Google recently revealed a brand new AI dubbed MusicLM, which is able to generate songs from any text description.
AI has recently been a massive topic of discussion in the music industry and beyond. ChatGPT in particular has taken the world by storm. The language model is capable of generating text, code, and even music.
Last year Attack editor, Eric Brünjes, interviewed Diaa El All the founder of Soundful a company that has democratised music further. At the click of a few buttons, you can have the tune you need for your project.
These systems have certainly shown us the potential for AI in music creation. However, none of them has quite been able to create songs with much complexity or high fidelity.
MusicLM, on the other hand, may be the first that can.
MuiscLM Audio Examples
In order to create a song with MusicLM all you need to do is enter a text prompt and wait for the results. We won’t have access to the system for the foreseeable future so we will have to rely on the results obtained by Google researchers for now.
When given the prompt: “A fusion of reggaeton and electronic dance music, with a spacey, otherworldly sound,” here’s what MusicLM created.
Here’s a “meditative song, calming and soothing, with flutes and guitars.”
MusicLM can also be given a sequence of text prompts that will cause the composition to evolve according to the descriptions.
Here’s an example:
- Electronic song played in a videogame (0:00-0:15)
- Meditation song played next to a river (0:15-0:30)
- Fire (0:30-0:45)
- Fireworks (0:45-0:60)
This technique seems to lend itself very nicely to composing for pictures but also when used correctly can allow for the creation of entire songs. Here’s a small sample of a five-minute melodic techno track generated entirely by MusicLM.
It may not be a Beatport number one but the improvements from previous iterations of the technology are pretty staggering.
MusicLM is also able to generate songs via a combination of a picture and caption. Here’s what it came up with for Vincent Van Gogh’s ‘The Starry Night’.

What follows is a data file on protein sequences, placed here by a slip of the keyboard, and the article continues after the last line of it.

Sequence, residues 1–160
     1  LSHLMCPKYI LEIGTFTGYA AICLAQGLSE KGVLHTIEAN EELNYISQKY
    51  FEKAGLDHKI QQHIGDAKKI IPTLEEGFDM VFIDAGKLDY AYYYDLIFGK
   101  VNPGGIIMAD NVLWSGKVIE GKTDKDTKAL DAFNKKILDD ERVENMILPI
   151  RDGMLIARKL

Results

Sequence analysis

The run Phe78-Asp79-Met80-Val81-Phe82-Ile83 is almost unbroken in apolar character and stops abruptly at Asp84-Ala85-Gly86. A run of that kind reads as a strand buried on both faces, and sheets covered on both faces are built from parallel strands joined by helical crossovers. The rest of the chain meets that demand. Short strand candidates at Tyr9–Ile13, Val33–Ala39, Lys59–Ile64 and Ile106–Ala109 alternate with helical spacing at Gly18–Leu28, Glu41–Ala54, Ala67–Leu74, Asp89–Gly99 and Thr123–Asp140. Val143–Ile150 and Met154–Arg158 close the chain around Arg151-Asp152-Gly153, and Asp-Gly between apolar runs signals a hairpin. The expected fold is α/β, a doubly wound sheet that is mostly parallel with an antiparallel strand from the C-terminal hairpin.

It’s impressive how MusicLM’s compositions can evoke a mood, capture a lot of the nuance of a musician’s performance, and create reasonably complex melodies, however, it is by no means flawless. Some instruments can have a distorted quality and the vocals in particular are quite poor.
Google’s Reluctance to Release MusicLM
One of the main ethical concerns of MusicLM has to do with copyright infringement. In order to train the system Google fed MusicLM a dataset of over 280,000 hours of music. A lot of which is copyright protected. As a result, copyrighted material from the training data can sometimes make its way into the generated songs.
After running an experiment, Google researchers found that about 1% of music generated by MusicLM was directly replicated from songs in the training dataset. This along with other ethical concerns has led Google to postpone releasing MusicLM, at least in its current state.
This is not the first time the dangers of AI and copyright infringement have been raised. In fact, there are several ongoing lawsuits against systems that generate text, code, art and music, including one pertaining to the rights of artists whose work is used to train AI systems without their knowledge or consent.
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